|Elevation||1,749 m (5,738 ft)|
Mount Helicon (Ancient Greek: ; Greek: ) is a mountain in the region of Thespiai in Boeotia, Greece, celebrated in Greek mythology. With an altitude of 1,749 metres (5,738 ft), it is located approximately 10 kilometres (6 mi) from the north coast of the Gulf of Corinth. Some researchers[who?] maintain that Helicon was also the Greek name of mount Rocca Salvatesta in Sicily as a river started from it was called also Helikon.[page needed]
In Greek mythology, two springs sacred to the Muses were located here: the Aganippe and the Hippocrene, both of which bear "horse" ( híppos) in their names. In a related myth, the Hippocrene spring was created when the winged horse Pegasus aimed his hoof at a rock, striking it with such force that the spring burst from the spot. On Mount Helicon too was the spring where Narcissus was inspired by his own beauty.
Mount Helicon and the Hippocrene spring were considered to be a source of poetic inspiration. In the late seventh century BCE, the poet Hesiod placed a reference to the Muses on the Helicon at the very beginning of his Theogony:
Later in the text, he describes a meeting between himself and the Muses on Mount Helicon, where he had been pasturing sheep when the goddesses presented him with a laurel staff, a symbol of poetic authority. The Helicon thus was an emblem of poetical inspiration. (It is not clear, if the other names mentioned - Permessus and Olmeius - are different springs or other names for Hippocrene.) In the Homeric Hymn to Poseidon - generally dated to the seventh century, but a bit later than Hesiod's works - a brief invocation, the god is hailed as "Lord of Helicon".
In his Aitia, the third-century BC poet Callimachus recounts his dream in which he was young once more and conversed with the Muses on Helicon. and thus follows explicitly in the footsteps of Hesiod. He also placed on Helicon the episode in which Tiresias stumbles upon Athena bathing and is blinded but at the same time given the art of prophecy, by which means poetry and prophecy are implicitly connected to each other. Perhaps reflecting this account, the Roman poet Ovid, in his Metamorphoses, writes of Minerva visiting the muses on Mount Helicon.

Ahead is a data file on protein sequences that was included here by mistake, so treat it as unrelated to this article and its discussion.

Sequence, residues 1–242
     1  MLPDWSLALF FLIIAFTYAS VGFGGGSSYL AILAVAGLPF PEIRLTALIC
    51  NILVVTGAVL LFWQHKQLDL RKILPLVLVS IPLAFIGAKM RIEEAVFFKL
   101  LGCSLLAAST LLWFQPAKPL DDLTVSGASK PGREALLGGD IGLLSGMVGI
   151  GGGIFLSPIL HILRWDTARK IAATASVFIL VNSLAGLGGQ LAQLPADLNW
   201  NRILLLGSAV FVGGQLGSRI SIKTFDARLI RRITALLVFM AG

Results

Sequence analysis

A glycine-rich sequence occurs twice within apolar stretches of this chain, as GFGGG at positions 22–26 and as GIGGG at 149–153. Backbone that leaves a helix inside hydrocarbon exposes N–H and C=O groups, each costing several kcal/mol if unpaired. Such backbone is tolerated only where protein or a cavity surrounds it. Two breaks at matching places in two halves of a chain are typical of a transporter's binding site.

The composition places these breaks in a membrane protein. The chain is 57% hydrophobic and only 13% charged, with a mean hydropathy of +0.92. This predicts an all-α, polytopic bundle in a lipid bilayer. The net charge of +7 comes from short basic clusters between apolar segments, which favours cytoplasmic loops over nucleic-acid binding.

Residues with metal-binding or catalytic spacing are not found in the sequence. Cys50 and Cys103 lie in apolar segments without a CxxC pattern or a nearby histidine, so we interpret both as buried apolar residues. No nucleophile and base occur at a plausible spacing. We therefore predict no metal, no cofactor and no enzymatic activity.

The cult centers on Helicon established in the Valley of the Muses, a fertile valley near Thespiai and Ascra, under the influence of the Hesiodic texts, in Hellenistic times if not before, were visited by Pausanias in the second century CE. He explored the sacred grove by the spring Aganippe thoroughly and left a full description as it then was. He saw images of Eupheme, nurse of the Muses, and of the legendary poet Linus "in a small rock which has been worked into the manner of a cave" (cf. the religious use of grottoes). In the temenos were statues, some by famous masters, of Apollo and Dionysus and famed poets. The absence of Homer at Helicon has been noticed by Richard Hunter: "The presence of Homer would spoil the party, for the tendency to see these as rival figures for supremacy in epos is familiar from the Contest of Homer and Hesiod, parts of which derive from the classical period". But even if the presence of Homer at the festival Hesiod mentions in Works and Days (650-59) was a later interpolation, the sacrificial tripod which Hesiod won at a contest in Chalcis in Euboea was still on view at Helicon in Pausanias' day.
The poetical image of Helicon established by the Roman poets became once more an emblem of cultural inspiration with the Renaissance and is often referred to in poetry. The Hungarian composer Leó Festetics (1800-1884) held 'Helicon balls' at his Festetics Palace near Keszthely (whose Slavic place name suggests the Hungarian equivalent hely), also naming the library he founded the Helikon Library.